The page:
Upon moving to Denver in her mid-forties, Greeley worked as a cook and nanny for a wealthy widow named Julia Pratt Dickerson, who introduced her to Catholicism. After deciding to become Catholic herself, Greeley was baptized in 1880 and became a daily Mass attendee. She worked for more wealthy families and was frugal with her pay. She then used her savings to assist the poor whom she met in the streets, encouraging devotion to the Sacred Heart of Jesus. Eventually she became a lay Franciscan.

By the early twentieth century, Greeley was a beloved Catholic philanthropist. After she died on June 7, 1918, several months before the end of World War I, the Jesuits at Loyola Chapel in Denver allowed her body to lie in repose before the altar—the first time they bestowed that honor on a deceased layperson. Almost a century later, her remains were reinterred in Denver Cathedral’s Basilica of the Immaculate Conception. Her cause for canonization is open.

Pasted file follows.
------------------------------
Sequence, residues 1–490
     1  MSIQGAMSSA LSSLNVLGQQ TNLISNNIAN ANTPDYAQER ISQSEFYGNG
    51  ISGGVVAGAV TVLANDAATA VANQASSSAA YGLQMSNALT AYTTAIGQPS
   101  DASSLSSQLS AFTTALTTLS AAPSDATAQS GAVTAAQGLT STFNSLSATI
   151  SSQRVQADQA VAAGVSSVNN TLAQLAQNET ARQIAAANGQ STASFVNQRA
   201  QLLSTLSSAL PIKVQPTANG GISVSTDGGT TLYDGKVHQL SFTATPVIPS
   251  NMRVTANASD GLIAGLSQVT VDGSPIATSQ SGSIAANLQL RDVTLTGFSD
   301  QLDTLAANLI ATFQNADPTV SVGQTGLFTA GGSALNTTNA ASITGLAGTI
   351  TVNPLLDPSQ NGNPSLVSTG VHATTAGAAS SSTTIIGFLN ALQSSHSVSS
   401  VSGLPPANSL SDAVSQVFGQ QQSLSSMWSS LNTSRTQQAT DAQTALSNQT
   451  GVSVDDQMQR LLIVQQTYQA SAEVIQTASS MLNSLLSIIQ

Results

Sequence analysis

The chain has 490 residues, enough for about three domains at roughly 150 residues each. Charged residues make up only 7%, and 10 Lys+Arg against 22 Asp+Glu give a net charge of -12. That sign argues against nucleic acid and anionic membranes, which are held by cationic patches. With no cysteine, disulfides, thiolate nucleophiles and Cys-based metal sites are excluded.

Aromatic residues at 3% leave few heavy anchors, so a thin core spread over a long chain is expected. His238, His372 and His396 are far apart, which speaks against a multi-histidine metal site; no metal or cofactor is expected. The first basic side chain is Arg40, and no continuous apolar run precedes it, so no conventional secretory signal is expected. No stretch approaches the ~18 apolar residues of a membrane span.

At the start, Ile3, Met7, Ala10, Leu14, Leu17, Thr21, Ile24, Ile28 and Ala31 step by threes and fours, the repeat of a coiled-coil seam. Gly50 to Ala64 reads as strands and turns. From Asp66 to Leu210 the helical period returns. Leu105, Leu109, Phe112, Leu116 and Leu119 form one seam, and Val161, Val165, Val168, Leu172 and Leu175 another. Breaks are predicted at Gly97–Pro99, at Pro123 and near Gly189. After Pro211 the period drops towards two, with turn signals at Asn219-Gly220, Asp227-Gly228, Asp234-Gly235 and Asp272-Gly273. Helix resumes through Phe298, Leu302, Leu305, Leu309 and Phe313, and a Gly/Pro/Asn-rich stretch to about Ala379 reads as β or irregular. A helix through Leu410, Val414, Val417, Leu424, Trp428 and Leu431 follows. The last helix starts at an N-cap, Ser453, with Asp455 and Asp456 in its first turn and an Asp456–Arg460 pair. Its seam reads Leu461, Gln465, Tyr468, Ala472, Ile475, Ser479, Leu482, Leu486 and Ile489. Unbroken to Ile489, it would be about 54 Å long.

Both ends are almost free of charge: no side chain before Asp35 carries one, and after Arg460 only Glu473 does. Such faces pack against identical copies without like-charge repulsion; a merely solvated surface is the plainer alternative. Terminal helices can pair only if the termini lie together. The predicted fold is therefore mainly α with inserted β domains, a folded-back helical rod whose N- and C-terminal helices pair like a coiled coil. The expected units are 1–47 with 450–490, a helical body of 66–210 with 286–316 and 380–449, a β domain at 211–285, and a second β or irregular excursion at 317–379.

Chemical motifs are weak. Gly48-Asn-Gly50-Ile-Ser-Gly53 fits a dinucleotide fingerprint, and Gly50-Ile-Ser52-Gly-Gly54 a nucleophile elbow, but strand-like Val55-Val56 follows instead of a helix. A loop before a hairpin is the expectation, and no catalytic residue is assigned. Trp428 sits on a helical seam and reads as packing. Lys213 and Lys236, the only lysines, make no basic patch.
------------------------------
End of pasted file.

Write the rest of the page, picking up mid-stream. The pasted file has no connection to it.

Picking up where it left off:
In addition to Mother Cabrini’s Missionary Sisters, many new institutes of consecrated life were founded and nurtured by women in the second half of the nineteenth century and beginning of the twentieth. These included the Oblate Sisters of St. Francis de Sales, founded by St. Leonie Aviat, who were devoted to guiding working-class young women toward lives of virtue and Christian witness in their uprooted, urban circumstances. In Spain, St. Genoveva Torres Morales founded the Congregation of the Sacred Heart of Jesus and the Holy Angels, which aided homeless, poor, and abandoned women. In Germany and France, the Daughters of the Divine Redeemer, founded by Blessed Alphonse Marie Eppinger, focused on educating very young children and nursing the poor and the sick. Eventually they staffed the teaching hospital at the University of Würzburg and established communities in the United States and Tanzania.